Ashoka commemorates and celebrates the life and work of this deceased Ashoka Fellow.
Paulo Henrique Longo is helping male homosexual prostitutes, major transmitters of AIDS in Brazil, deal with the psychological factors involved in their life-styles and in unsafe sex practices. Since there can never be enough psychologists to undertake this task one patient at a time, Paulo is pioneering community self-help psychological care.
As a psychologist and health care professional, Paulo Henrique Longo has always made an effort to understand health issues in their wider social context in order to avoid the narrow clinical perspective that so often dominates health care thinking.The second person in his family to suffer diabetes, Paulo grew up sensitive to health issues. While a student at the University of Bahia, he became involved in community health projects that incorporated alternative methods for reaching poor populations, such as teaching hygiene through popular theater.Upon relocating to Rio de Janeiro, Paulo became involved in AIDS work through an internship at the Gaffre and Guinle Hospital, where he was in charge of providing psychological counseling to AIDS patients. His involvement grew when he began volunteering with the AIDS service organization, GAPA (Support Group for People with AIDS), for which he has given talks at schools, businesses, and community centers.Paulo's work, be it in hospitals, poor communities, or AIDS support groups, has always been characterized by a search for understanding personal health as something inextricably tied to the patient's whole personality, life experience, and interaction with society. He is a rare embodiment of the belief that in order to introduce lasting changes in public health, one must show the importance of working in-depth, and in a caring manner, with the individuals at risk.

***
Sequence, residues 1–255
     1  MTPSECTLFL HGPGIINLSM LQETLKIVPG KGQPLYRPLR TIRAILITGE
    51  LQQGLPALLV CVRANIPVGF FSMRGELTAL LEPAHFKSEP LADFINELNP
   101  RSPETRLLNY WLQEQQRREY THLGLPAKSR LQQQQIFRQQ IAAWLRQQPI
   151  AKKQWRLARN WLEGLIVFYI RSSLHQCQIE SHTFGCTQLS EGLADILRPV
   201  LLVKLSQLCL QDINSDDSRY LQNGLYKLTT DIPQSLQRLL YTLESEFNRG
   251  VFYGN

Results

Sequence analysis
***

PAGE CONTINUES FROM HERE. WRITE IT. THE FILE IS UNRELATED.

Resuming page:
Male homosexual prostitutes are one of the highest risk groups in Brazil, but they have been largely ignored by studies done on AIDS transmission in Brazil. The one study that has focused on this group found that forty-three percent were HIV positive.In his work with AIDS in general, and with male prostitutes in particular, Paulo suggests some reasons why this high risk group might be resistant to practicing safe sex -- the only real hope now for controlling the spread of AIDS. Typically, this form of prostitution involves contact with multiple high-risk partners daily. And, Paulo adds, clients are often willing to pay higher prices if the sex they buy is not "hampered" by condom use. As most male homosexual prostitutes have turned to the practice of selling sex out of economic necessity, this financial incentive is sometimes all too tempting.Paulo is undertaking the difficult task of trying to get male prostitutes to practice safe sex through an individualized counseling program that builds the self-esteem of these young men. Paulo's counselors are not psychologists or medical professionals, but peer "educators" mostly from the community who nightly "hit the streets," talking to prostitutes where they work, giving them condoms and informing them about health care availability. The established members of this community counsel new arrivals, and those who succeed in changing their life pattern encourage others to do so. The noncoercive and nonjudgmental nature of Paulo's approach reinforces his central theme that these people must take charge of their own psyches and lives. His technique for organizing community self-help psychological care is itself a major innovation, whose implications extend well beyond this one community.